The level of dedication and professionalism exemplified by the Taj employees to their guests in the article “Heroes of Taj” really tugged at my heartstrings, to think that people would sacrifice their life to complete their job. It could not have been accomplished without a strong corporate culture.
Being a tourism student before entering NUS, The Ritz Carlton would always be an example when citing exemplary service and its corporate culture is the essence of it all. Ex-CEO Simon Cooper mentions that the key to building The Ritz Carlton’s successful corporate culture is trust that the management and its employees would live the values required by the organisation. With the culture revolving around the motto “we are ladies and gentlemen serving ladies and gentlemen”, it requires all employees in all departments to put their ladies and gentlemen at their top priority. The video below shows the exemplary service provided by The Ritz Carlton’s internal ladies and gentlemen, to ladies and gentlemen worldwide.
Similar to Taj Hotels, they too take recruiting the right people very seriously by picking candidates that fit with their strong service culture rather than their technical skills, simply because skills are trainable while values and attitudes are not. There are also strong consistency in its training by introducing “The 12 Service Values,” “The Credo,” “The Three Steps of Service,” “The 6th Diamond” to be practiced by all employees throughout all properties worldwide, which aided employees in guiding their responses to managing uncertainty.
Another aspect of how The Ritz Carlton strengthens its culture is through employee empowerment that would encourage ethnocentrism amongst employees. The organisation entrusted employees to spend up to $2000 on a guest per accident and having that trust resulted in The Ritz Carlton gaining its employee’s loyalty such that their turnover is lower than industry average. And I would like to share an example of excellent service at The Ritz Carlton. A kid left his soft toy in the hotel room after checkout and when they arrived back home, his dad requested the hotel to take a photo of the toy before it was sent over because the boy was feeling depressed. The next day, the dad received a few photos and a note stating that the toy is currently enjoying a holiday at The Ritz Carlton property by the beach, playing golf and enjoying a spa. This is really something unexpected, a pleasant way to delight both the kid and the dad while showing the company’s culture through small and consistent touches. This could only be possible with cultural fit between the employee and the organisation as shared beliefs and priorities would assist them in coming up with fun and creative solutions. This really showed me a lot as to how much they feel engaged and enjoy their job at The Ritz Carlton. They too have a habit to share “wow” stories among employees before work officially start and I feel that it creates positive communication, puts everyone on the same page and provide creative ideas for employees to delight their guests in similar situations.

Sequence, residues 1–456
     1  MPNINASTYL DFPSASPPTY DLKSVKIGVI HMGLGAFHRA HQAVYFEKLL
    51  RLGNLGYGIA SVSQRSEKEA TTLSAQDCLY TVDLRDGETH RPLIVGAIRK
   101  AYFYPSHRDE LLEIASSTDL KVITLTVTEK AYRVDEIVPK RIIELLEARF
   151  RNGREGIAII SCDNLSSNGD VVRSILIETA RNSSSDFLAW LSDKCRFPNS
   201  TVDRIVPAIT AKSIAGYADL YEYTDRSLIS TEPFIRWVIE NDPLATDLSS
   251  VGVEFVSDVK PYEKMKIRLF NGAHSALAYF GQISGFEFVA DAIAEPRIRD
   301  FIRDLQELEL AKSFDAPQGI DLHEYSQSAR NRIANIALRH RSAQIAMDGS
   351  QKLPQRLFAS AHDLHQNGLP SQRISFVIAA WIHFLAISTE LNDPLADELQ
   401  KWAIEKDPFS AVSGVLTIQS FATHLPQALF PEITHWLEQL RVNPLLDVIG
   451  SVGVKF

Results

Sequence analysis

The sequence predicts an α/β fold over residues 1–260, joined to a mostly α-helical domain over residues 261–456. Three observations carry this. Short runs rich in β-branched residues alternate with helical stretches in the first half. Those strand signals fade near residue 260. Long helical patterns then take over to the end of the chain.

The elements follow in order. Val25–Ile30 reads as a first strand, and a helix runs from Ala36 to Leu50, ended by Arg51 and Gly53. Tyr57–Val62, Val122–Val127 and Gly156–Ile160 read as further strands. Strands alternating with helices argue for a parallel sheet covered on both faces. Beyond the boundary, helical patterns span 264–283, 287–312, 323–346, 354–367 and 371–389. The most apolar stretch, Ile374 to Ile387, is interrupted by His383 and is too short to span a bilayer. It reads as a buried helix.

Another similarity between The Taj Hotels and The Ritz Carlton was that both were involved in terrorist incidents. In 2009, there was a fatal blast at The Ritz Carlton Jakarta by suicide bombers. What kept me thinking was why were there different responses between the two incidents. While the Taj garnered support, The Ritz Carlton’s occupancy rates dropped after its opening, there were no local support like in the Taj case, American businessmen were interviewed stating that they would not be back and companies had The Ritz Carlton blacklisted for future corporate trips.
Perhaps it was due to the type of terrorist attack. The explosion at The Ritz Carlton was immediate; there was no chance for the employees to evacuate their guests or opportunity to showcase them putting their guest first. While, the gunmen at Taj held on for hours, enabling the employees to showcase their selfless acts, made painful decisions and put their guest above all, which was inline with their culture. Or perhaps to the local Indonesian community, The Ritz Carlton was merely an overseas investment property, a hotel for the rich, without any significant meaning to the people, while the Taj was symbolic to the Indians that they were eager to provide their full support. Another possible reason was that there were previous bombings at The Ritz Carlton Jakarta and there is a probability that it could be a future terrorist target as well, thus reducing the safety perception of the hotel. However, I do like to note that if it was a lesser-known overseas brand, it could have gone out of business, rather than having the ability to hold out and rebuild, just like The Ritz Carlton did.